US Press: pick of the papers

The ten must-read opinion pieces from today's US papers.

1. What Greece means (New York Times)

Greece -- like other European nations forced to impose austerity in a depressed economy -- seems doomed to many more years of suffering, writes Paul Krugman.

2. How to sink Iran's regime? Sanctions, not bombs (Washington Post)

The worst option in terms of regime change would probably be a unilateral Israeli military strike, writes David Ignatius.

3. The reproduction of privilege (New York Times)

Politically, the lack of access to a four-year college education is a crucial problem for one of the key battleground constituencies of 2012: whites without college degrees, says Thomas Edsall.

4. Greece's credit non-event (Wall Street Journal)

Greek's default is only one chapter of a much larger economic and political tragedy, but at this stage any good news is welcome, says this editorial.

5. Obama's politicized energy policy (Wall Street Journal) (£)

The Obama administration does have a national energy policy - it's just a subservient by-product of his radical environmental policy, writes Bobby Jindal.

6. Tough poses in a political theater (Boston Globe) (£)

Last week's annual meeting of the American-Israeli Public Affairs Committee was just theater... Progress in foreign affairs is less a stylized performance for an exclusive audience and more often improv wrapped in Greek tragedy, says Juliette Kayyem.

7. Obama vs. Israel (Chicago Tribune)

The new open-ended negotiations with Iran fit well with this strategy of tying Israel down, writes Charles Krauthammer.

8. Candidate media-bashing popular, but a losing tactic (USA Today)

Yes, the media are easy, sometimes deserving targets, and huffy outbursts against journalists during debates usually bring cheers from the crowd and could help fundraising. But as a strategy, it's misguided, writes Peter Funt.

9. Drop talk of war on Iran; let diplomacy, sanctions work (St. Louis Today)

There may some day be a case for intervention in Iran. Sooner than that there may be a case for intervention in Syria. But as a last resort, not the first one, says this editorial.

10. Defining the Occupy Movement: It's not just about the money (Oregonian)

Our lives are not just about the paycheck. Happiness depends on a balance between meaning and money. A real people's movement that aims for true solidarity, felt individually and collectively, can and should make room for both, writes Rich Cohen.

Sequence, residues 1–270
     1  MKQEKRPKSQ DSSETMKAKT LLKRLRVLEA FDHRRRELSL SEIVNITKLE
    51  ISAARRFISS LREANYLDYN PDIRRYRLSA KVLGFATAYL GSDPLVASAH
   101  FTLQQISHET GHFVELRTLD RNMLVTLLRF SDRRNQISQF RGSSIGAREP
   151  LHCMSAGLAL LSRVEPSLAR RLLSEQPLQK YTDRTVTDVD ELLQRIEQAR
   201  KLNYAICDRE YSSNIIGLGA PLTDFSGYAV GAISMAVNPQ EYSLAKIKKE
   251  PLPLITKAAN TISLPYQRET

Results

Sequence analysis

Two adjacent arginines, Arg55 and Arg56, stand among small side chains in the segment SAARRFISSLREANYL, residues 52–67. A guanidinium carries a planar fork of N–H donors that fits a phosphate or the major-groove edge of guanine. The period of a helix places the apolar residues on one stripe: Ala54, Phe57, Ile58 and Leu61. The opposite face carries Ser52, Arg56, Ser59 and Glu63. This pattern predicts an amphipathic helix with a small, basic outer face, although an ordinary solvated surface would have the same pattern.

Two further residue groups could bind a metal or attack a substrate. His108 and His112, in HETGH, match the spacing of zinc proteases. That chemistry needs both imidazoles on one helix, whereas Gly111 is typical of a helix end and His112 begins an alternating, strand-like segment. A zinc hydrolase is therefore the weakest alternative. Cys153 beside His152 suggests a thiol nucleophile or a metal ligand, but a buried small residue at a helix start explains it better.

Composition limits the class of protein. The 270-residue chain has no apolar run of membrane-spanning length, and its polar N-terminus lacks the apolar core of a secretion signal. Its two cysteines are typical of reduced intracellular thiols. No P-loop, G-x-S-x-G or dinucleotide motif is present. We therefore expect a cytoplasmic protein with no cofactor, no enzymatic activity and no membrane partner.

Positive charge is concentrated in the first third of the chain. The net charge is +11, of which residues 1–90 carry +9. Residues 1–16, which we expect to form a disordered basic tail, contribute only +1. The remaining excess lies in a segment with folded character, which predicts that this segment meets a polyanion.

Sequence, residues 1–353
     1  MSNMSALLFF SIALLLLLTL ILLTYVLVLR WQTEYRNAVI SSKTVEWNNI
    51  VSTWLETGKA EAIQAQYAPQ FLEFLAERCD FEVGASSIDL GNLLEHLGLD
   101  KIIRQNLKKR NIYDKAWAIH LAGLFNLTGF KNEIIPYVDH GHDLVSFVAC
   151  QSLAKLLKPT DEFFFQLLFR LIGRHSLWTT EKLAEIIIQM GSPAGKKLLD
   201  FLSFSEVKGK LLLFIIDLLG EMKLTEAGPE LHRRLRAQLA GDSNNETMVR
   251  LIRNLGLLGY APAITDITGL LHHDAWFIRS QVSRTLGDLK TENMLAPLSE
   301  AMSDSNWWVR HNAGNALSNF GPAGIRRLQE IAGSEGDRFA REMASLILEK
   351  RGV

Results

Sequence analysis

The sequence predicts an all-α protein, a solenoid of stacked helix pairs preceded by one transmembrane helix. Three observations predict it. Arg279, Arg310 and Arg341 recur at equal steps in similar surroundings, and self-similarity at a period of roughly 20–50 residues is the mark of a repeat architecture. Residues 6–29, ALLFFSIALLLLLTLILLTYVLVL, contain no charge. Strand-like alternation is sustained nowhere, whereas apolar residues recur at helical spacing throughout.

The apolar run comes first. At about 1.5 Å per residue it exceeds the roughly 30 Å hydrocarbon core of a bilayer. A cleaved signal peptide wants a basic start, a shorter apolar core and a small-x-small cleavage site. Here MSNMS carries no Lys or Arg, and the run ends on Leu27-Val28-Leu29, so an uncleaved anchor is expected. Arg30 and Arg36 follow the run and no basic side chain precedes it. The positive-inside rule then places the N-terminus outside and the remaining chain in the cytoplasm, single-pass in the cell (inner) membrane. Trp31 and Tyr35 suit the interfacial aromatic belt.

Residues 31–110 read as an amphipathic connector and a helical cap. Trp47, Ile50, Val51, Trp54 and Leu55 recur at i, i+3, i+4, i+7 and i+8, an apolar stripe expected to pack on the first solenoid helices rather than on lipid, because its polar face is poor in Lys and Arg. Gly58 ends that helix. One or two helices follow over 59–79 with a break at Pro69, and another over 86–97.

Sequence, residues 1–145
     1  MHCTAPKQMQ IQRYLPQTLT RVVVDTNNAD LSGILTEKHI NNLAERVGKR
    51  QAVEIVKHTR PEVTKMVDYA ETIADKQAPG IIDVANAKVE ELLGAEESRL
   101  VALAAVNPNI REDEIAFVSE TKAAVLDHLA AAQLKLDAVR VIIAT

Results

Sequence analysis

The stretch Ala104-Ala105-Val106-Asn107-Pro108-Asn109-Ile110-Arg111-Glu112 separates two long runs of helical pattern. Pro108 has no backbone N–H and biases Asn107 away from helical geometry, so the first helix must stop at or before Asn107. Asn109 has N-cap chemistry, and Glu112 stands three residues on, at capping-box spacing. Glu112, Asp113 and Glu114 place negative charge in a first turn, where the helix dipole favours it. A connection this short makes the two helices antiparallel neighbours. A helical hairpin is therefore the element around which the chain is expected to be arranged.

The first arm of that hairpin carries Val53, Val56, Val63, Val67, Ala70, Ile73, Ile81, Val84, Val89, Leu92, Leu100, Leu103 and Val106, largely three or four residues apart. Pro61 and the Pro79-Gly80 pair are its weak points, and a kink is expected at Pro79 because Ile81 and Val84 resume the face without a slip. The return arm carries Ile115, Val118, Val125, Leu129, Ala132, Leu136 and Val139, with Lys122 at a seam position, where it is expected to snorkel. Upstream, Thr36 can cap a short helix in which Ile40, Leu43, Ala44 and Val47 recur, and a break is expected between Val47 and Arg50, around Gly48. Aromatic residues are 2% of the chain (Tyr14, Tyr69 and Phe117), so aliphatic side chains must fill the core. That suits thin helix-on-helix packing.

Getty
Show Hide image

Commons Confidential: When Corbyn met Obama

The Labour leader chatted socialism with the leader of the free world.

Child labour isn’t often a subject for small talk, and yet it proved an ice-breaker when Jeremy Corbyn met Barack Obama. The Labour leader presented the US president with a copy of What Would Keir Hardie Say? edited by Pauline Bryan and including a chapter penned by Comrade Corbyn himself.

The pair, I’m informed by a reliable snout, began their encounter by discussing exploitation and how Hardie started work at the tender age of seven, only to be toiling in a coal mine three years later.

The book explores Hardie’s relevance today. Boris Johnson will no doubt sniff a socialist conspiracy when he learns that the president knew, or at least appeared to know, far more about Hardie and the British left than many MPs, Labour as well as Tory.

***

Make what you will of the following comment by a very senior Tory. During a private conversation with a Labour MP on the same select committee, this prominent Conservative, upon spotting Chuka Umunna, observed: “We were very relieved when he pulled out of your leadership race. Very capable. We feared him.” He then, in
a reference to Sajid Javid, went on: “We’ve got one of them.” What could he mean? I hope it’s that both are young, bald and ambitious . . .

***

To Wales, where talk is emerging of who will succeed Carwyn Jones as First Minister and Welsh Labour leader. Jones hasn’t announced plans to quit the posts he has occupied since 2009, but that isn’t dampening speculation. The expectation is that he won’t serve a full term, should Labour remain in power after 5 May, either as a minority administration or in coalition in the Senedd.

Names being kicked about include two potential newcomers: the former MEP Eluned Morgan, now a baroness in the House of Cronies, and the Kevin Whately lookalike Huw Irranca-Davies, swapping his Westminster seat, Ogmore, for a place in the Welsh Assembly. Neither, muttered my informant, is standing to make up the numbers.

***

No 10’s spinner-in-chief Craig “Crazy Olive” Oliver’s decision to place Barack Obama’s call for Britain to remain in Europe in the Daily Telegraph reflected, whispered my source, Downing Street’s hope that the Torygraph’s big-business advertisers and readers will keep away from the rest of the Tory press.

The PM has given up on the Europhobic Sun and Daily Mail. Both papers enjoy chucking their weight about, yet fear the implications for their editorial clout should they wind up on the losing side if the country votes to remain on 23 June.

***

Asked if that Eurofan, Tony Blair, will play a prominent role in the referendum campaign, a senior Remainer replied: “No, he’s toxic. But with all that money, he could easily afford to bankroll it.”

Kevin Maguire is Associate Editor (Politics) on the Daily Mirror and author of our Commons Confidential column on the high politics and low life in Westminster. An award-winning journalist, he is in frequent demand on television and radio and co-authored a book on great parliamentary scandals. He was formerly Chief Reporter on the Guardian and Labour Correspondent on the Daily Telegraph.

This article first appeared in the 28 April 2016 issue of the New Statesman, The new fascism